Category Archives: High School

Provocative Second-Impact Syndrome Article Headlines Latest Issue of Concussion Litigation Reporter

The September issue of Concussion Litigation Reporter features many great stories. But one in particular may strike a nerve. Steven E. Pachman, Esq., Montgomery McCracken Walker & Rhoads and Kimberly L. Sachs, Villanova University Charles Widger School of Law co-wrote an article entitled “Second Impact Syndrome: Diagnosis versus Myth.”

Other stories in the issue include:

Appeals Court Grants Relief to Riddell in Coverage Action

Jury Awards Concussed Softball Player $1.1 Million

Court Filing Urges Helmet Requirements to Protect Women Lacrosse Players

New Study Suggests Brain is in Recovery Mode Long After Athletes Have Been Cleared to Return to Play

The Golden State’s Golden Payouts No Longer Available to All Retired Athletes

Insurance Company and Conference Reportedly Settle Coverage Question

Letters of Protection, Deferred Medical Payments, and the Law

Attorney Assails CTE Study, Praises the Benefits of ‘Combat’ Sports

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Wyoming High School Activities Association Provides Concussion Insurance for Wyoming Students

Every high school and middle school student participating in a Wyoming High School Activities Association (WHSAA) sponsored activity will now be covered by concussion insurance in 2017.

Specifically, the WHSAA purchased a policy for all of its student participants, approximately 25,000 annually, providing them with “zero out-of-pocket costs should they suffer a head injury,” according to the association. Wyoming is the 5th state to provide this coverage for all student participants.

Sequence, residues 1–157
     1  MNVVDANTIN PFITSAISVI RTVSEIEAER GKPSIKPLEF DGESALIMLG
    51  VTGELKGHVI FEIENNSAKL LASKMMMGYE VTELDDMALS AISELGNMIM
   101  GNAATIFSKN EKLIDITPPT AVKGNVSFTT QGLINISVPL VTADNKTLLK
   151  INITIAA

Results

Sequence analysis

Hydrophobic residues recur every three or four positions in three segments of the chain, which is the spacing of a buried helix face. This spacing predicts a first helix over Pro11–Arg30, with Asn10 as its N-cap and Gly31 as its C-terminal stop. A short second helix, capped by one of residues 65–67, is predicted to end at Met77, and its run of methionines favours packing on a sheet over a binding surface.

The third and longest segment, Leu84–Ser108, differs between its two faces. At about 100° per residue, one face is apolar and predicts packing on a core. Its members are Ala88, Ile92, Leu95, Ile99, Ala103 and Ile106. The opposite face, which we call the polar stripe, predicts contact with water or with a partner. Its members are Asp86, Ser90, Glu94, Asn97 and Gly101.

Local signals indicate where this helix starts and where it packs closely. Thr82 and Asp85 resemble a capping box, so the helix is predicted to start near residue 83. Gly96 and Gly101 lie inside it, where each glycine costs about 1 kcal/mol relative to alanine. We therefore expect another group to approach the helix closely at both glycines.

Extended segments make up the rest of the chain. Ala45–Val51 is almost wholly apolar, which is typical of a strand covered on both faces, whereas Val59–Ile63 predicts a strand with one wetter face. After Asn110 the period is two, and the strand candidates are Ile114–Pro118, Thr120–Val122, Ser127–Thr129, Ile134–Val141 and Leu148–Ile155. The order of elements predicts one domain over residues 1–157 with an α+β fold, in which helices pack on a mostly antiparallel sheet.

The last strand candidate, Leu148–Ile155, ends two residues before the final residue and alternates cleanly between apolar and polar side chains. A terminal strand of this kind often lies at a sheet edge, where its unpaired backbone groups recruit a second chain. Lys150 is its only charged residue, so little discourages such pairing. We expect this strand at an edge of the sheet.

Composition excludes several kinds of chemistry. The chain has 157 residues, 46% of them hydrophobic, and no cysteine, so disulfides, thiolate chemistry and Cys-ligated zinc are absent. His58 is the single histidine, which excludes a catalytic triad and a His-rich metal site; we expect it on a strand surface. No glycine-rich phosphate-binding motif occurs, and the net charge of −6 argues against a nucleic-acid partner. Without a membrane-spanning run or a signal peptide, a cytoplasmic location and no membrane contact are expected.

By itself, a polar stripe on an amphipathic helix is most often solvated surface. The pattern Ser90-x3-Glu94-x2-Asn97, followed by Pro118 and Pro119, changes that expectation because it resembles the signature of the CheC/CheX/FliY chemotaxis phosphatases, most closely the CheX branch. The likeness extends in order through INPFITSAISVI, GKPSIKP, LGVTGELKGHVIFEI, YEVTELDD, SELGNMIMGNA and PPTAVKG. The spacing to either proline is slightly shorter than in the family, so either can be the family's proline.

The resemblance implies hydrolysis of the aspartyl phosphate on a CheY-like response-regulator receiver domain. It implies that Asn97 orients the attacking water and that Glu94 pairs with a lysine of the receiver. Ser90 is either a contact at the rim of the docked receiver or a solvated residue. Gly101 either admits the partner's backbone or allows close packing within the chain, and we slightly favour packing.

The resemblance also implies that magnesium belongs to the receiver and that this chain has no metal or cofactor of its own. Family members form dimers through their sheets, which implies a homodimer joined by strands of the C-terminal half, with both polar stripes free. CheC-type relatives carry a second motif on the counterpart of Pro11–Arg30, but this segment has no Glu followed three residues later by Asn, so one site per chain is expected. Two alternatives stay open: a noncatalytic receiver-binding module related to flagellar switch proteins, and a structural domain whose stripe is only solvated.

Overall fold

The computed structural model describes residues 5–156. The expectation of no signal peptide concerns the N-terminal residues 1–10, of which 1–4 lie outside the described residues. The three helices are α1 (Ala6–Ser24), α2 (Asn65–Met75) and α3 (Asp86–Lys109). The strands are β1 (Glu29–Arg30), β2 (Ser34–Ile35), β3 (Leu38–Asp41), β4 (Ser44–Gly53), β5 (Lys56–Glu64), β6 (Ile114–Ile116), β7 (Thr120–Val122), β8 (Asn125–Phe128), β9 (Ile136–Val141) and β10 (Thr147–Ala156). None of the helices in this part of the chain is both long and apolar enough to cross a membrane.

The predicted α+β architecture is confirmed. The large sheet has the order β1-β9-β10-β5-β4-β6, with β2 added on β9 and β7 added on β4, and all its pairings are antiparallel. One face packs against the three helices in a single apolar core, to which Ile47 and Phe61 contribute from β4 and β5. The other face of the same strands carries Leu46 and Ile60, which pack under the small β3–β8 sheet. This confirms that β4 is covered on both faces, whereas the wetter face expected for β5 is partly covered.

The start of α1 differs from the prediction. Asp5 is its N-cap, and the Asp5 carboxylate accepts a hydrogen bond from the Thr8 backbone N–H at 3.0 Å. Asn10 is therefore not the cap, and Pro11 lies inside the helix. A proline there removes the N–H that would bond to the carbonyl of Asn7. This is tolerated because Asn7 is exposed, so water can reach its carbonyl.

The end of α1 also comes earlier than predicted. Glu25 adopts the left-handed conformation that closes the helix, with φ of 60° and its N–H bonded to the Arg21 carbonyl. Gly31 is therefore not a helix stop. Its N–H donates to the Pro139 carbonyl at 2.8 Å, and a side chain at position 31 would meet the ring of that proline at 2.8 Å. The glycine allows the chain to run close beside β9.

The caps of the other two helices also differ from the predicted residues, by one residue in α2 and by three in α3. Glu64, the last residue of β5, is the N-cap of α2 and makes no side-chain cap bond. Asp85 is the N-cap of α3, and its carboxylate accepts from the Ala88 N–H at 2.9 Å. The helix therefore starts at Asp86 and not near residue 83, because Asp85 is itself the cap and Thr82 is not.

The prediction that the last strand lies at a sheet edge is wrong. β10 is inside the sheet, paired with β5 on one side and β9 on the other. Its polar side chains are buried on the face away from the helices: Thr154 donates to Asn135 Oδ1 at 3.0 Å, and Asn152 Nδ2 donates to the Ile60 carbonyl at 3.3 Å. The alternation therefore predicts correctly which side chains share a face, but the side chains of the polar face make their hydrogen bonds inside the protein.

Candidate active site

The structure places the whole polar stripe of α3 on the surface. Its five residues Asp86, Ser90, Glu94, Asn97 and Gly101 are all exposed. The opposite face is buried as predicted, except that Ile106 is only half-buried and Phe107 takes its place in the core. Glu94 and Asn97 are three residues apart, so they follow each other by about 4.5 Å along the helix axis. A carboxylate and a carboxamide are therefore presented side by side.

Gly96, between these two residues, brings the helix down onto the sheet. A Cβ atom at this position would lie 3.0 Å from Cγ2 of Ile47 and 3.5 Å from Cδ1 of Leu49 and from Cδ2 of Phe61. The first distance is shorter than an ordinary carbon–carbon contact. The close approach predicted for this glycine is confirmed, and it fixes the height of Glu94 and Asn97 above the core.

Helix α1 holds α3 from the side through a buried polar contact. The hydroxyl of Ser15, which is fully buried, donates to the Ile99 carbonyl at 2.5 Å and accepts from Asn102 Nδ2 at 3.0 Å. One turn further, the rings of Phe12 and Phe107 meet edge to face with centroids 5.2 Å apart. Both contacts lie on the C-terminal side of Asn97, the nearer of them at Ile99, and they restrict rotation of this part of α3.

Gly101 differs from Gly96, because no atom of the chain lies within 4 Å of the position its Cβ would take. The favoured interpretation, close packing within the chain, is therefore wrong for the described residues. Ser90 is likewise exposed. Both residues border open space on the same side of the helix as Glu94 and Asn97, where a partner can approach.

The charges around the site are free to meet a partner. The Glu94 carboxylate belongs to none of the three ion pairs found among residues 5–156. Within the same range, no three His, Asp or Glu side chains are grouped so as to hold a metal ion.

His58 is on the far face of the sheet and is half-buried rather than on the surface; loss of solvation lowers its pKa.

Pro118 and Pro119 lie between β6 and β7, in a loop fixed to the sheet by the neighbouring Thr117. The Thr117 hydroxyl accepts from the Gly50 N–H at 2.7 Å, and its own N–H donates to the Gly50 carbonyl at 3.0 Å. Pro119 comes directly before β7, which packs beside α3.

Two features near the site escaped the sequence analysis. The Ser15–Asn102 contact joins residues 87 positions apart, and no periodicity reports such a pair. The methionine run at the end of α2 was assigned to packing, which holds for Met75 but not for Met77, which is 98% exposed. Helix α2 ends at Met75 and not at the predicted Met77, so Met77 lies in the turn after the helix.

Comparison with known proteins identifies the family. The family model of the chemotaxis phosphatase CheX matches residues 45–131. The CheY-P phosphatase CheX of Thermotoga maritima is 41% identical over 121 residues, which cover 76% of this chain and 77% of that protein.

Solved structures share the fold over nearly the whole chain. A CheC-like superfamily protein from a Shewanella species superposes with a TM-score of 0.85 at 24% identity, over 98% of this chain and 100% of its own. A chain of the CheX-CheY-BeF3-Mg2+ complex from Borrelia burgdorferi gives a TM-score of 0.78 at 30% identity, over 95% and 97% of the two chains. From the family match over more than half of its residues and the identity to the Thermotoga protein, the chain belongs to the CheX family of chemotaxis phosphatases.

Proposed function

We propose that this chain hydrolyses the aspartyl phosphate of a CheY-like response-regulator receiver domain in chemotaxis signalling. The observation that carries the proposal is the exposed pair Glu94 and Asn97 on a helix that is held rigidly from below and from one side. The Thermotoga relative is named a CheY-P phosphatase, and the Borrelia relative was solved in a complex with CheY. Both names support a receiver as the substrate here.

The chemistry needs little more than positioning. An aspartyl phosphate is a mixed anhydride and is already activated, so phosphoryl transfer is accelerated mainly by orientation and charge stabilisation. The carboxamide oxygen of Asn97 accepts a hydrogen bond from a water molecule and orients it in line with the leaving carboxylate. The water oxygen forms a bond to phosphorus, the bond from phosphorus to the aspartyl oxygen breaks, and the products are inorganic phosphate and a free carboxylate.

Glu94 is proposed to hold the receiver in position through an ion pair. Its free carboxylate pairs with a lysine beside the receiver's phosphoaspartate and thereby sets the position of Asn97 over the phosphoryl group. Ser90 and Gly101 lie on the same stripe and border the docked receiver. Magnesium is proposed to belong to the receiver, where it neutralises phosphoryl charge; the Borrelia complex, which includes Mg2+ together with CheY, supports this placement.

“The WHSAA is pleased to be able to offer this protection for all of our students involved in activity programs,” Commissioner Ron Laird said. “This policy coverage will assist families should their student need to visit a medical professional due to a concussion. With the money we have received through our agreement with the NFHS Network, we have been able to create a revenue stream to cover the approximately $37,000+ premium.”

This is another proactive step by the WHSAA Board of Directors that assures all WHSAA student participants, who are diagnosed with a sport or activity related concussion, will be afforded treatment with no out-of-pocket costs.

“We have been active in attempting to minimize risks for our students for many years with the assistance of our Sports Medicine Advisory Committee,” said Laird. “The WHSAA was one of the first states to establish a rule of not allowing a student to participate after being unconscious during a contest. Student safety remains our number one focus. This is just another opportunity for us to assist in taking care of our student participants.”

The insurance is the HeadStrong Concussion Insurance Program developed by Dissinger Reed Insurance. It covers every student in grades five through twelve participating in any practice or game sanctioned by the WHSAA.

“The WHSAA’s continued commitment to concussion care is exemplary and should be applauded,” said Dissinger Reed owner and CEO, Christian Reed. “Their proactive approach to protecting the young athletes in Wyoming has been fantastic and we are thrilled they are the 5th state association to adopt the HeadStrong program.”

For any claim, the participant’s insurance would first be billed and then the HeadStrong insurance would act as secondary insurance and assist with unpaid deductibles or co-pays. The maximum benefit is $25,000 per injury and there is no deductible per claim.